For this, we took a boat over to Beqa Island at about 6.30am. We were hoping to see the elusive Tiger Shark (the biggest shark in these parts), but it was not to be. On the bright side, we were treated to this sunrise:

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There were tons of fish here, which made it hard to see the sharks. It didn’t help that visibility wasn’t great. There’s actually a second diver in the picture below, but you can barely see him:

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However, we did see a tawny nurse, a grey reef, a few blacktips and a lemon. Here’s the lemon:

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Price: FJD440 (USD210) for 2 dives (including boat transfers). It’s naturally cheaper if you’re staying at the resort!

Overall, this dive was the most disappointing as it was the most expensive and yet we didn’t manage to see a tiger shark. Some of Ian’s friends from Projects Abroad did actually see a tiger at this site, though. As always, no wildlife sighting is guaranteed, so I don’t blame the dive centre at all. We’d definitely be singing a different tune if a tiger had graced us with its presence!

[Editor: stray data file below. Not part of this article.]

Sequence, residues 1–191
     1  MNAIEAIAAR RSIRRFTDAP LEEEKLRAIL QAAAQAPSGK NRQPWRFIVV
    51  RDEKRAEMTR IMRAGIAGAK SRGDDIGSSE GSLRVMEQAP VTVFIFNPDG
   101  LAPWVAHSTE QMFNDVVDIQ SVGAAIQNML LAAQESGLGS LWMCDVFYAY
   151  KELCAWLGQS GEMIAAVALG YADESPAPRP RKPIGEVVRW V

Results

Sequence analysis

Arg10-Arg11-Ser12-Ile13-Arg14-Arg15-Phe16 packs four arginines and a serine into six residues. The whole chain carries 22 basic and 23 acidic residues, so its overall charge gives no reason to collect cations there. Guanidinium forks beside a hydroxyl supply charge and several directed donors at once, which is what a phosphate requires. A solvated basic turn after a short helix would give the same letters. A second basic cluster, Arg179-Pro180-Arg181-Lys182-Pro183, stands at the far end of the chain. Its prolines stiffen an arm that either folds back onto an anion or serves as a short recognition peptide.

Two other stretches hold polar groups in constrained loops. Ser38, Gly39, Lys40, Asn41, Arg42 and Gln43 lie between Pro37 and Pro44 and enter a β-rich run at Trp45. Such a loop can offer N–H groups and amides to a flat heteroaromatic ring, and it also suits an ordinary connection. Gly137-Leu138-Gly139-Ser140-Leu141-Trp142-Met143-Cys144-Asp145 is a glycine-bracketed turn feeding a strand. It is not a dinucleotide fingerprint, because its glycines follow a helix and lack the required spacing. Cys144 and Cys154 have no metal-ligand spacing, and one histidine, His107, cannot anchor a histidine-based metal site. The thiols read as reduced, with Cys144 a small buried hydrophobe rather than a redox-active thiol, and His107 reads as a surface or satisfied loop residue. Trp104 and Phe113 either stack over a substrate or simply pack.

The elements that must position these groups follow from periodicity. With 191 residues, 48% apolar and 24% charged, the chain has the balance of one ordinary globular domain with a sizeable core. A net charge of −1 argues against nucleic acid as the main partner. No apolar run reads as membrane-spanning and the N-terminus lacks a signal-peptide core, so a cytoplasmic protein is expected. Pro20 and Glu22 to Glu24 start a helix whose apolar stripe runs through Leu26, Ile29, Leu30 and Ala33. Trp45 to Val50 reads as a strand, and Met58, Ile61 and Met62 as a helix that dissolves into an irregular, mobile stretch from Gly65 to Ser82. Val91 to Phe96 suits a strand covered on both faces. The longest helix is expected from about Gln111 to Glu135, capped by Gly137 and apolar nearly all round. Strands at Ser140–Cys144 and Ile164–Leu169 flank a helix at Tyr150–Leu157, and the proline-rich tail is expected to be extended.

It didn’t help that the sea was somewhat choppy so I was feeling seasick during the surface interval. I had bought motion sickness pills but was unable to use them for diving as they were the type that causes drowsiness. Don’t make this mistake!

Hopefully you’ve glimpsed the majesty of these creatures. Check out my previous post on how we can all play a role in saving our sharks (and why it’s important) – even if you’re not a diver!

Do you have a favourite shark or fish?

This post is part of The Weekly Postcard hosted by As We Saw It, Travel Notes & Beyond, A Hole in My Shoe, Selim Family Raasta and Eff It, I’m on Holiday – check out what’s going on elsewhere!